Promotion/Relegation Watch

A look at the promotion and relegation standings for the World Tour. It’s early for the three year system but still matters as we see teams recruiting to remedy things and there’s the pressing issue of automatic invitations for the major races next year.

The chart shows the teams ranked by UCI points scored so far this season, based on this morning’s weekly update from the UCI. The top-18 teams above the red line are set for World Tour licences but this is a three year contest over 2023, 2024 and 2025 and we’re not done with the first year yet. One big lesson from the last promotion/relegation cycle is that a surprise bonanza in the first year is very comforting for teams who might otherwise be stressing.

We can see it’s UAE and Jumbo-Visma vs. the rest and UAE are even pulling clear of their Dutch rivals.

Ineos are third and note their top points scorer is Filippo Ganna on 2146 points, followed by Tom Pidcock, the days of the team scoring big from the overall in the grand tours, well they’re not today even if Geraint Thomas helped in the Giro. Rivals UAE and Jumbo both have three riders each with significantly over 2,000 points each this season. Lidl-Trek ride high thanks to Mads Pedersen, with Mathias Skjelmose also in the 2,000 points club. Groupama-FDJ are perhaps surprising at 10th and it’s a parting gift from Thibaut Pinot, another 2,000 point rider.

Promotion race
Lotto-Dstny and Israel-PremierTech got relegated but are on course to rejoin the World Tour. Arnaud de Lie is still stampeding to victories and points in non-World Tour races and while he and the team will want to aim higher his success is very good for them. Israel are shopping and look to be rejuvenating the team with new hires which bodes well for more points however they’re in a race with other teams, DSM Firmenich have a budget boost and Fabio Jakobsen should score plenty next year while Ag2r Citroën have spent Citroën’s cash on older hires but they and the car maker are on the way out and the mooted move of Sam Bennett could be crucial as if the Irishman can feel settled he’ll give them sprint wins.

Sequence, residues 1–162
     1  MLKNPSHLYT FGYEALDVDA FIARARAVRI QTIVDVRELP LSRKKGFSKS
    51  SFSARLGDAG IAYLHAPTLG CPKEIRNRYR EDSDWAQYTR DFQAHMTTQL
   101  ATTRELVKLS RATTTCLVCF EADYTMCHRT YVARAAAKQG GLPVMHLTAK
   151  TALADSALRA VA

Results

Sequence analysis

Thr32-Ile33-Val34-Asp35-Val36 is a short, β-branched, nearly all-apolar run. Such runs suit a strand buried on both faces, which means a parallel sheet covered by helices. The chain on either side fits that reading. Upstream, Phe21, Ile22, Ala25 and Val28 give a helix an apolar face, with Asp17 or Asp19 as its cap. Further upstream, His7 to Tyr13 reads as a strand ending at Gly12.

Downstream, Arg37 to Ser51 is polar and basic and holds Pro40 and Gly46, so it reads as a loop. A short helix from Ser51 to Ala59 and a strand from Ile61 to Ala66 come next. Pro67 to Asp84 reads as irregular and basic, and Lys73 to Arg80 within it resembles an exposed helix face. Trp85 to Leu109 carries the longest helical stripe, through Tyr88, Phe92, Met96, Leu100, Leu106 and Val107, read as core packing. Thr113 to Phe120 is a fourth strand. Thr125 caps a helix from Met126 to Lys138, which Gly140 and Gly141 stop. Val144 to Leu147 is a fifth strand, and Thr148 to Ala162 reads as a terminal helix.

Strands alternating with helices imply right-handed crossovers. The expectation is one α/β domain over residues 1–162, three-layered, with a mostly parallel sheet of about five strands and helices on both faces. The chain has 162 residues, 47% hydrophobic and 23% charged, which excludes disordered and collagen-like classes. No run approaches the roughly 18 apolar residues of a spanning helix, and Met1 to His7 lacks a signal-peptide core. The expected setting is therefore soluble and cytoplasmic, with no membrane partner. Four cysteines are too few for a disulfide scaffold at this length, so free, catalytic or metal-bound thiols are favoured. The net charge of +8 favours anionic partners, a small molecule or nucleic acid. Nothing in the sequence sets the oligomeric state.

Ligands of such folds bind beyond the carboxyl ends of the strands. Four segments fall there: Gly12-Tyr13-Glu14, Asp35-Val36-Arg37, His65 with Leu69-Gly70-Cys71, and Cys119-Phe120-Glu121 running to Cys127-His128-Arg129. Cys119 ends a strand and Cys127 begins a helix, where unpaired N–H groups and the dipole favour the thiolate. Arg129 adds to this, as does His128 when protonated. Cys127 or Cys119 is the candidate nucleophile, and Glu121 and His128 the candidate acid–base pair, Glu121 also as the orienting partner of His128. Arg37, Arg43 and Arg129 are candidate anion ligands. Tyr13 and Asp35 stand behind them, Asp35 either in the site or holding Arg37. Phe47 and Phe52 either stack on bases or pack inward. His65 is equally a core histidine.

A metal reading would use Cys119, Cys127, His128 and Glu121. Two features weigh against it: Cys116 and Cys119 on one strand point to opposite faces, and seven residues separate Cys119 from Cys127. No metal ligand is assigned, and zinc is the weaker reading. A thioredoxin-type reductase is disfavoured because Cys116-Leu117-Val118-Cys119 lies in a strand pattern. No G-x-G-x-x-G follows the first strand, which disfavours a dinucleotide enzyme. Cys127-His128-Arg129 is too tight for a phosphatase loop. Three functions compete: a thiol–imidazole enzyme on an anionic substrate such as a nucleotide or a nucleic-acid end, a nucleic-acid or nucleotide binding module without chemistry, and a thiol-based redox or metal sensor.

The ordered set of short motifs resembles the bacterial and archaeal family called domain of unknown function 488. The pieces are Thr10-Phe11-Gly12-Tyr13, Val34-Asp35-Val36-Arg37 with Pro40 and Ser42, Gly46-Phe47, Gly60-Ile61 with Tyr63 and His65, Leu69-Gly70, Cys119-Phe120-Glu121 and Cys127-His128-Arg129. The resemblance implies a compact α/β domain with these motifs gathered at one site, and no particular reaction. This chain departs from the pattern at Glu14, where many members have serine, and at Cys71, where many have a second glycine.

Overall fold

It’s all a contest with moving parts and Uno-X one to watch as they’re hiring Magnus Cort and Andreas Leknessund and building a team that could pick up pace for promotion too.

Relegation watch
With all the caveats about a long way to go we can Arkéa-Samsic and Astana below the red relegation line. Astana look in a more worrying position but they’ve been active in the transfer market as they need some results and points. The French team has been quieter and if they’ve hired Arnaud Démare, out goes Warren Barguil and there’s nobody yet to fill Nairo Quintana’s shoes. In other words if 2023 isn’t a roaring success for either team, Astana look to be taking remedial action while so far Arkéa aren’t.